The easy questions, the hard answers.

“So what brought you to Colorado?”

Unprepared, totally unprepared to hear and try to answer this question over and over at the college alumni event. Unprepared, totally unprepared to handle the aftermath of holding back tears for several hours during the event.

The same year I moved to Colorado, the movie Good Will Hunting won a couple Oscars. The line in that movie resonated with me, the line I carried with me for the next twelve years was when Will tells Sean he’s going to see about a girl, repeating what Sean had told him about his deceased wife earlier with regards to missing Game 6 of the 1975 World Series.

I was going to see about a boy, see what would happen if our long-distance relationship became a live-in one. We stuck together for twelve years, through thick and thin. Tough times, of course we had them, especially in couple years before all the illness and surgery mess. I thought we had turned a corner somewhere in between the emergency situation and the second surgery that resolved years of chronic pelvic pain.

Instead, here I was telling people that I followed the man, practically a Colorado native, from whom I was now separated.

“Are you planning to stay in Colorado, then?”

It only makes sense that this question would follow the answer to the first question. And yet, still unprepared, totally unprepared to answer the question or to handle the aftermath of continuing to hold back tears.

I don’t know the answer to that one. The job I began last month is scheduled to last two years, according to the term of the grant. When I took it, I figured it would give me enough time to develop a plan on what to do in a couple years when things are more settled.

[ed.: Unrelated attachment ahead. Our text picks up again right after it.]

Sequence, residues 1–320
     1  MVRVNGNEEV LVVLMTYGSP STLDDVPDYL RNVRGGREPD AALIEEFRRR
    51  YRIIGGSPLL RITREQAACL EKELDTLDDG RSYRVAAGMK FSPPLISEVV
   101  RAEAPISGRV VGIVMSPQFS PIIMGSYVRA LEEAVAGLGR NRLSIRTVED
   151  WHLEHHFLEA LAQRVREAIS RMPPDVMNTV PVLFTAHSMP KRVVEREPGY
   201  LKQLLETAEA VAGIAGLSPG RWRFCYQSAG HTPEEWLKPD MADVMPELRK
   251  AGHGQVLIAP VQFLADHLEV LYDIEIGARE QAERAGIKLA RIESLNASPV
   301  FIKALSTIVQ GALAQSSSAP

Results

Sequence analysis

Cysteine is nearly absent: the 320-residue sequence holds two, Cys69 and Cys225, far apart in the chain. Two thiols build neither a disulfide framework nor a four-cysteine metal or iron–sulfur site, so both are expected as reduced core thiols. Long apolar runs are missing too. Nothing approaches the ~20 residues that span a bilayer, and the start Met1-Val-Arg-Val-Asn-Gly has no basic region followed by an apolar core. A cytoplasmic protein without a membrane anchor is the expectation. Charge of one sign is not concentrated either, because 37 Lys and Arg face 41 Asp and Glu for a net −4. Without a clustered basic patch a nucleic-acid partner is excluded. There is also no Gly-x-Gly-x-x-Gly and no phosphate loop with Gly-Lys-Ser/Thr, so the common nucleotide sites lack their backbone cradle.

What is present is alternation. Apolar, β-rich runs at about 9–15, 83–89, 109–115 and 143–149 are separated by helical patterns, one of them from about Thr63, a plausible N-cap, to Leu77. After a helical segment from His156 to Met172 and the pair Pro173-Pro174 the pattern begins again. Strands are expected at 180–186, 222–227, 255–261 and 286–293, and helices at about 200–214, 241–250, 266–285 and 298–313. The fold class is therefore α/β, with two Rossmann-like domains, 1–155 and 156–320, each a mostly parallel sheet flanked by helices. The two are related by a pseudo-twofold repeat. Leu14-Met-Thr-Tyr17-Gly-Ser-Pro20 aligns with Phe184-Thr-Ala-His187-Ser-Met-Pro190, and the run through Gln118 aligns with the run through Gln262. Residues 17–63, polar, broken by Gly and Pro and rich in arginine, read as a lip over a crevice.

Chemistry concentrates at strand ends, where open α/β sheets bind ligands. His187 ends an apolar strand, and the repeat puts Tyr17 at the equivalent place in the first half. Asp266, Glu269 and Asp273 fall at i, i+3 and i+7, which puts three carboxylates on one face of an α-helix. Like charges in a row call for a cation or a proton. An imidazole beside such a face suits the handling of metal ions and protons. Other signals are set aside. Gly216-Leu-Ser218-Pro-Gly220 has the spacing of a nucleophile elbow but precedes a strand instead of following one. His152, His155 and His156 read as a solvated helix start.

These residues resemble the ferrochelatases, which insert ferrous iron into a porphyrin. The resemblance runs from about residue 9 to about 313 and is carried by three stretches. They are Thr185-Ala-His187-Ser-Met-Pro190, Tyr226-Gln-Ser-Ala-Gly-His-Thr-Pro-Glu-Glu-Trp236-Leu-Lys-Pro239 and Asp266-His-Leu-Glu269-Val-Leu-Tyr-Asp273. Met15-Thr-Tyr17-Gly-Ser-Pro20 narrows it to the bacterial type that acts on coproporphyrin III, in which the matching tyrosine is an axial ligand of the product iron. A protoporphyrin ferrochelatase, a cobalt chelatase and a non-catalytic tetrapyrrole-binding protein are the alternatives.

The thing is, there are few of “my people” here. You might not think so if you view the videos filmed from Friday night out with the blogging pals, or if you see me chatting with former co-workers who became reliable and caring friends, but I am longing for the hugs and the smiles and the laughter of those who know me most back in Wisconsin. The people who knew me before he came along, the ones who have been so incredibly kind and wonderful these past few months.

A few weeks back, I came close to running into friends of his, not once but twice, at a local festival; after the second time, I turned right around to go back to the crappy little apartment to cry. I walk around in fear that I will encounter more of “his people”. If that happens, I will just completely fall apart, worse than I have since that alumni event.

You see, most of the people who saw me through the terrible mess of illness and surgeries were “his people” as they were close and could drop everything to help or listen or distract, while “my people” were not as able to rush out a thousand miles away in winter.

Yes, the blogging pals are here and the former co-workers turned good friends are here, and I am sure I would miss them terribly. However, even some of them encourage me to consider going back to “my people”, in spite of my excuses of my health care team being awesome here and oh, how I would miss the mountains and the milder winters.

It’s kind of funny in a way. I waited thirteen years for an alumni event to come to Denver and now I may well be returning to the Midwest within a year or two.

Posted on June 20, 2011, in Colorado, Domestic Life. Bookmark the permalink. Comments Off.

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